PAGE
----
So you have to start reporting it though, and the penalty for this is $50,000 in a reporting year for failure to comply. So you have to start reporting in the beginning of 2026 based on 2025 data. It takes time. It can be a very time-consuming process. It takes time in order to start identifying all these risks, creating a process, creating internal controls, developing those testing, so it's a lot of work that has to be put in order to comply with this rule.
One thing that these two laws do not define is what it means to be doing business in California. But the state of California Franchise Tax Board defines it as an entity that which meets any, and here I want to emphasize the 'any', of the following: First, engages in any transaction for the purpose of financial gain in California. It's organized or commercially domiciled in California. It has California sales property or payroll that exceeds certain pre-defined amounts. The link for those amounts is there in the bottom of the page so you can access that. We have different thresholds, but the ”any” clause there is very powerful, it's very decisive. If you engage in any transaction for the purpose of financial gain in California, if you already qualify for that, if you're already engaging in any transaction for the purpose of financial gain within California, it doesn't matter if your payroll exceeds certain pre-defined amounts because it's any, in any of the following.
So that's, in a nutshell, the requirements of the two laws. We're going to get into details on how to prepare for those, but in a nutshell, those are the basic requirements.
Charles Waring: Lourenco, we've got a couple questions that have come in here that I think are worth addressing as they relate to some of the questions related to the thresholds here, and I think I'm going to lump a couple of these together here. When we're talking about these revenue thresholds, are we considering them both gross or net? And then also is it just in California? Is it totality beyond just California? So can you speak to those two aspects here?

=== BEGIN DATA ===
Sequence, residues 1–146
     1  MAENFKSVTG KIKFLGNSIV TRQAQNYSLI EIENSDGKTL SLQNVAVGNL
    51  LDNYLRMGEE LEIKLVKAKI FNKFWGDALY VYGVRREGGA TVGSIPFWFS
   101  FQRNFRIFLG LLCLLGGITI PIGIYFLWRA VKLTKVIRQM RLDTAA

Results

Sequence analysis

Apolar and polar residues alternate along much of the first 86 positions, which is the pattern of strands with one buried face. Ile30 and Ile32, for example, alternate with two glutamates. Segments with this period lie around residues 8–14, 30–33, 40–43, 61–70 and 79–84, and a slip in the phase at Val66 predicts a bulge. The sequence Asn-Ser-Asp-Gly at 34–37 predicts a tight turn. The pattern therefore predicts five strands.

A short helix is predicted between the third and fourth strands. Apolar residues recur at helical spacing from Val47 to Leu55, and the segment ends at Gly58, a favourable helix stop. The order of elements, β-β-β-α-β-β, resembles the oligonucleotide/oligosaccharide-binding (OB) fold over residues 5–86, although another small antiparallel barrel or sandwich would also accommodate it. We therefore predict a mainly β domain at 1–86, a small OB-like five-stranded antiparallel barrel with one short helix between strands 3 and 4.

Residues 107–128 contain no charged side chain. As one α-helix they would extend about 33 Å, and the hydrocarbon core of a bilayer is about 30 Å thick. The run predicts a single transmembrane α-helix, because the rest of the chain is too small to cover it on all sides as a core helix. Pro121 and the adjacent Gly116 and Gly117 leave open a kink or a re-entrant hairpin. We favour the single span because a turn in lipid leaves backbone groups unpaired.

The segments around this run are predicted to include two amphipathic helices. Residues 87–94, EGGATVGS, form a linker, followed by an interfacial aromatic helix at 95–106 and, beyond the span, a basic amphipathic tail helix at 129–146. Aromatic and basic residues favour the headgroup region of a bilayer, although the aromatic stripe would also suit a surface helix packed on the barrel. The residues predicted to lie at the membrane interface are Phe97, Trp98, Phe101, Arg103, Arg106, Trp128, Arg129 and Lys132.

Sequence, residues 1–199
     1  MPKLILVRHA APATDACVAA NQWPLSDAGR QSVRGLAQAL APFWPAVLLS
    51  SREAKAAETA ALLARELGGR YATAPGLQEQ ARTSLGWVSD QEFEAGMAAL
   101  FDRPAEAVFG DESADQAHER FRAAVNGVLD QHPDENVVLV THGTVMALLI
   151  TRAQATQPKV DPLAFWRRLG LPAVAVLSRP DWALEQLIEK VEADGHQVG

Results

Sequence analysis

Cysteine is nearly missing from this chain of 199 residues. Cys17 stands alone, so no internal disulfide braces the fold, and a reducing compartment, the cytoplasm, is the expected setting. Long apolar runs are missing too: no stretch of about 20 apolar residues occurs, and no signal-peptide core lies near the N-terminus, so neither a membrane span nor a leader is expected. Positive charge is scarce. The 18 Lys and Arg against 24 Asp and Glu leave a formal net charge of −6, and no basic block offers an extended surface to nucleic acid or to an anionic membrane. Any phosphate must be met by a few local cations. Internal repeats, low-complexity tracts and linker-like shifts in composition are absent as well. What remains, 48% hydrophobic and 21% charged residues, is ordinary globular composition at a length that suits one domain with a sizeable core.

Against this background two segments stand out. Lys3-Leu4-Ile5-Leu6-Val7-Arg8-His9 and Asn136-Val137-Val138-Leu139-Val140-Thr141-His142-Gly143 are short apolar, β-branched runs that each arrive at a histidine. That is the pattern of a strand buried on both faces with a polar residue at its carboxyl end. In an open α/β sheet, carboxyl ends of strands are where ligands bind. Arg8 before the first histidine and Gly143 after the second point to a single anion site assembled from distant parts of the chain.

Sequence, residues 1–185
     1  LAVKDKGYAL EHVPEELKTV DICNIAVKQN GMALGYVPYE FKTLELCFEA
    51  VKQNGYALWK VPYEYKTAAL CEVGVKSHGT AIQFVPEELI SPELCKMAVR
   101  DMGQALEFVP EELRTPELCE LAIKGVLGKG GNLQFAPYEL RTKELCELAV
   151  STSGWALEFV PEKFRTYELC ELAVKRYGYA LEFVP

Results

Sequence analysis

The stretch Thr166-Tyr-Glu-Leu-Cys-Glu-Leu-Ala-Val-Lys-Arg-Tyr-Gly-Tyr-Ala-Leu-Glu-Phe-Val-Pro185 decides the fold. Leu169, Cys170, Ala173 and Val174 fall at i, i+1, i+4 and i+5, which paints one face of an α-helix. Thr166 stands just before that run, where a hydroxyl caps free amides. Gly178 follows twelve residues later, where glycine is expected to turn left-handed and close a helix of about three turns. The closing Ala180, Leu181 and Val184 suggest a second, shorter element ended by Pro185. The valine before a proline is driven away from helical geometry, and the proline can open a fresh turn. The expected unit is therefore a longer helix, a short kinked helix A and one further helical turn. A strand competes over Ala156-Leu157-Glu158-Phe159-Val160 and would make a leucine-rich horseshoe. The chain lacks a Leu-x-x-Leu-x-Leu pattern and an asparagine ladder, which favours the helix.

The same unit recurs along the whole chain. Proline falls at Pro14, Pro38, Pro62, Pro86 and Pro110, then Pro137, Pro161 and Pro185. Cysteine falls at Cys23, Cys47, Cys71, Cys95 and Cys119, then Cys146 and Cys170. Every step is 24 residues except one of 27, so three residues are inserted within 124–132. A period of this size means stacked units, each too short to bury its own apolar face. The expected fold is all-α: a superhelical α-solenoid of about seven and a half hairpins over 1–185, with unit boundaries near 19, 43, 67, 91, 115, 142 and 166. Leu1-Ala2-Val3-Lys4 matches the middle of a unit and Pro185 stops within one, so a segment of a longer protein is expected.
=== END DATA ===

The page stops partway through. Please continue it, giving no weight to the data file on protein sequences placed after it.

Lourenco Miranda: Right, so that's a very good question. Excellent question. The law is clear, you have an entity in the United States, the whole entity, if the gross revenue is more than $1 billion, not necessarily only in California, but if you are based out of Atlanta in Georgia and your company is $1 billion revenues elsewhere and you do business in California, you have to report it. So that's how the language of the legislation is written. Nothing specifies that you have to be gross revenue in California of more than 1 billion, no, it's your entity. If the entity has more than $1 billion in revenue and you do business in California, if you meet any of these requirements, yes, and then you have to comply with the law.
And then it's interesting because the follow-up question for this will be, will we have to report only the greenhouse gas emissions that my operations in the state of California will produce? And the law says no, we have to report at the entity level as well. So if you are not in California, but you do business in California, you have to comply with the rule, if you of course pass all these marks, and you have to report on a consolidated basis.
And then I see, will New York be next? Yes, good question. New York is very well advanced in terms of regulations for financial institutions. So NYDFS has climate related very similar rules for financial institutions. If you are an insurance company doing business in New York, you have to comply with a series of regulations that are related to climate. And then maybe, we don't know yet so we have no information on this one, but New York could be next. The thing is, if your company is based in New York and does business in California, there you go. And of course goes and passes all the criteria here stated on this slide, yes, you have to comply with... Well, maybe a company in New York that is part of a supply chain of a company that does business in California and then has to comply with this, might be receiving a call or an email very shortly to start getting greenhouse gas emissions because the company that has to comply with this rule, scope 3 emissions, are the scope 1 and two emissions of their suppliers. So that's the thing. So if you're a supplier of a company that does business in California and has to comply with this rule, you have to provide that information for that company as well. So it's a very far reach of this. The regulation has a very wide net.
I hope it helps. I hope it answers the question.
Astrid Garcia: So it looks like we're coming up to polling question number two.
Lourenco Miranda: Yes, the polling question- oh, go ahead, please, sorry.
Astrid Garcia: Polling Question #2